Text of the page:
I cracked my neck as I got in the car – a terrible habit I’d picked up from my dad. He always did it, cracked his neck right as he got into the driver’s seat. Thinking back to our long road trips, the endless school pick-ups and drop-offs, I made a mental note to kick the tradition before I passed it on to my own kids one day.
With a sigh, I shook the memories from my head. I’d been thinking about him a lot lately, I realised with a frown. I checked my mental calendar to see if there were any important milestones or anniversaries coming up, but there was nothing I could think of.
You’re just getting old, came the voice in my head. On theme, it sounded exactly like my father.
I turned the ignition, remembering that I actually had somewhere to be, frowning as my car didn’t roar to life like it usually did.
‘What the…’ I muttered, pulling the key out and trying again. It tried to turn over, with a few half-hearted attempts at life, before I gave up.
Did you flood it? my father’s ghost whispered at me.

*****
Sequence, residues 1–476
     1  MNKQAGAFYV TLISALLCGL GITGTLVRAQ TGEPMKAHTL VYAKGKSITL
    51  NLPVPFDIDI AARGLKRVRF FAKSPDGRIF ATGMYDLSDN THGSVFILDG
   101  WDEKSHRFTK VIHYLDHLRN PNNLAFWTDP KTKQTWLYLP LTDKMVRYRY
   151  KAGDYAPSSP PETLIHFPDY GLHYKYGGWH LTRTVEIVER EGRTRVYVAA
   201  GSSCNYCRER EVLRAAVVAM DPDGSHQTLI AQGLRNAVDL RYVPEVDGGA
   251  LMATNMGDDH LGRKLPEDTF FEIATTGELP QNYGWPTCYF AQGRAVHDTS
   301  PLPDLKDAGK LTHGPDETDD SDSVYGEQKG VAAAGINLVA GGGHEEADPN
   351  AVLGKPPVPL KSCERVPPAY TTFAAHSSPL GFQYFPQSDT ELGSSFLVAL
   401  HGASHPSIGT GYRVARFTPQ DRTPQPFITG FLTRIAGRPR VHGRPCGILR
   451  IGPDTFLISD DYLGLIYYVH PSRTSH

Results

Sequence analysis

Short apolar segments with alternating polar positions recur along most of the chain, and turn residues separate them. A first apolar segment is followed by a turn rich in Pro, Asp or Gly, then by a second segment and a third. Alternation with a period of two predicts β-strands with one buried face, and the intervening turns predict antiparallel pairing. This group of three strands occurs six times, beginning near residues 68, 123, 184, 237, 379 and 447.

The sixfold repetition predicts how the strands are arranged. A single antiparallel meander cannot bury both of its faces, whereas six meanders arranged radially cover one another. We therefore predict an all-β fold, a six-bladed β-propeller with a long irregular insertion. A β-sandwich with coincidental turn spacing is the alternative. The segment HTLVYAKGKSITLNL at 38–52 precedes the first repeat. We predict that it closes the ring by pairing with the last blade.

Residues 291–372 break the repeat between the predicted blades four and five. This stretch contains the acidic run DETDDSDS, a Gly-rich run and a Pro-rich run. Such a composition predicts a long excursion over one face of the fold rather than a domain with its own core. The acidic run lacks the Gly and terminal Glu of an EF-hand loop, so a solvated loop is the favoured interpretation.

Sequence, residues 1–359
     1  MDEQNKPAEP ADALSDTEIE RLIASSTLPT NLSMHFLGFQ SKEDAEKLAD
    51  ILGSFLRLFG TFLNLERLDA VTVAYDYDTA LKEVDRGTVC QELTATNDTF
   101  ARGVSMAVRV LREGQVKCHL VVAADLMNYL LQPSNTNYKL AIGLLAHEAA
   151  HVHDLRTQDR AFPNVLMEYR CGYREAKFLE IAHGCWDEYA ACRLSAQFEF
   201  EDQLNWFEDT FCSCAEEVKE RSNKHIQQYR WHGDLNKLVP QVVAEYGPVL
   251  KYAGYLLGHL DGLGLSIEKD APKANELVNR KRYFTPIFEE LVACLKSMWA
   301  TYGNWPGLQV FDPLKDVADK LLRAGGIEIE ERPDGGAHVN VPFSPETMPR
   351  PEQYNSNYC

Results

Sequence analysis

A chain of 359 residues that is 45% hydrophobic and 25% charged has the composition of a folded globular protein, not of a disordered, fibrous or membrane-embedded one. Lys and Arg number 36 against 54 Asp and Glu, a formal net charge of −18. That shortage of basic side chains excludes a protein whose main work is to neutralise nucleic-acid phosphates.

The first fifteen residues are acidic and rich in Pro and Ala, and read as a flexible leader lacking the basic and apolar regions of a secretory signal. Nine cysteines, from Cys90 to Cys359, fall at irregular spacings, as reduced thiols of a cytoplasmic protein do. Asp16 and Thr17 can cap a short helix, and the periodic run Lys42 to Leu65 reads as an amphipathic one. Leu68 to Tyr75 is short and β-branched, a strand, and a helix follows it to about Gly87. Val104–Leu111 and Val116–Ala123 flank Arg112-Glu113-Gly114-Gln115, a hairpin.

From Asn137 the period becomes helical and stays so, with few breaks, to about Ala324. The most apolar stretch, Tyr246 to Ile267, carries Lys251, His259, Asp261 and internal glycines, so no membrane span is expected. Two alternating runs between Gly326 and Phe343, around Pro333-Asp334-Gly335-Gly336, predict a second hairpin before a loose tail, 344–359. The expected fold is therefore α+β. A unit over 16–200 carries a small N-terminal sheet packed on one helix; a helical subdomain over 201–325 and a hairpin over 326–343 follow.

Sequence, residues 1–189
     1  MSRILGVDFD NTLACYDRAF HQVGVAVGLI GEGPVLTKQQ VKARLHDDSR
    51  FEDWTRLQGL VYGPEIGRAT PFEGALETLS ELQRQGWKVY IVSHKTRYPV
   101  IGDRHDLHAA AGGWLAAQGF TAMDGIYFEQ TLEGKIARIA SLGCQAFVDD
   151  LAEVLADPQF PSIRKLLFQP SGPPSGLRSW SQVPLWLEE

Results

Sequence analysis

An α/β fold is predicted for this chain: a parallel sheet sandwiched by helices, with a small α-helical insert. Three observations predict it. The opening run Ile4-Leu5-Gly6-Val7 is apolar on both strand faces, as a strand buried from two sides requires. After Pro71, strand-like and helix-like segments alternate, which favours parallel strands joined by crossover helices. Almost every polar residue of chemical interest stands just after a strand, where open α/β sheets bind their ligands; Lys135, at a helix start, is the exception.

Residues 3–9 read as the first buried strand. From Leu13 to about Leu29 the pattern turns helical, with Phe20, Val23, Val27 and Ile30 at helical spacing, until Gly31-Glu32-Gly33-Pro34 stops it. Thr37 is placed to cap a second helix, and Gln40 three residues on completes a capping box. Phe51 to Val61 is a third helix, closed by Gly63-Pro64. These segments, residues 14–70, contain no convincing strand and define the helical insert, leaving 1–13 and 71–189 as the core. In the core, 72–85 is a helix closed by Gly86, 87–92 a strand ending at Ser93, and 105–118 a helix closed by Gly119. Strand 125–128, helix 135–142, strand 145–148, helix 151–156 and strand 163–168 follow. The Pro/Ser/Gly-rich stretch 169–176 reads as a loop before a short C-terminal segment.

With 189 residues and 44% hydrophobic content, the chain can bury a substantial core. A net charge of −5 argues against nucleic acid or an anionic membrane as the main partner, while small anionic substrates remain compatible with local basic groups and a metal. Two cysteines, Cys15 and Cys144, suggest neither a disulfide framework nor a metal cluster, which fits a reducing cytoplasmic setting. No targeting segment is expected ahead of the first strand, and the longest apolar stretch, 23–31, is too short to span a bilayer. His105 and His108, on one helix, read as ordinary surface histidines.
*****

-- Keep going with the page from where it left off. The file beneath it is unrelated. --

‘No,’ I grunted, annoyed, as I pulled my phone out to find the best auto electrician around Underwood.
Because you’ve done that before, the voice continued. Flooded it.
‘I did it once,’ I said, keenly aware I was alone in the car. ‘And if I recall correctly, you were sitting next to me when I did it.’
Teaching you a lesson.
‘Not paying attention, more like,’ I retorted.
Have you gotten a car brakes check by a qualified mechanic recently? the voice asked quickly. I laughed at the idea that my subconscious wanted to change the subject.
‘Brakes aren’t going to be an issue,’ I murmured to myself, ‘if I can’t get the damn thing to start!’
‘Shut up,’ I growled, twisting the key one last time.
The car, to my surprise, burst into life, the engine ticking over beautifully.
I sighed, glancing over at the empty seat next to me.